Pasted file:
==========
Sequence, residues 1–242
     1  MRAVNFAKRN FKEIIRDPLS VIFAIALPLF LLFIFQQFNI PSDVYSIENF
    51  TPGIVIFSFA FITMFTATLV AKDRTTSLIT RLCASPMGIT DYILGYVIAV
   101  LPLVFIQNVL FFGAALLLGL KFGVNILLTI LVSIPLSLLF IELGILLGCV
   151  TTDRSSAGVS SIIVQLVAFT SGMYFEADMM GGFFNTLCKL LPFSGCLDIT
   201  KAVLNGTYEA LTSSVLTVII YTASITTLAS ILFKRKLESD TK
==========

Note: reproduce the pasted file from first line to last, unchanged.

Sequence, residues 1–242
     1  MRAVNFAKRN FKEIIRDPLS VIFAIALPLF LLFIFQQFNI PSDVYSIENF
    51  TPGIVIFSFA FITMFTATLV AKDRTTSLIT RLCASPMGIT DYILGYVIAV
   101  LPLVFIQNVL FFGAALLLGL KFGVNILLTI LVSIPLSLLF IELGILLGCV
   151  TTDRSSAGVS SIIVQLVAFT SGMYFEADMM GGFFNTLCKL LPFSGCLDIT
   201  KAVLNGTYEA LTSSVLTVII YTASITTLAS ILFKRKLESD TK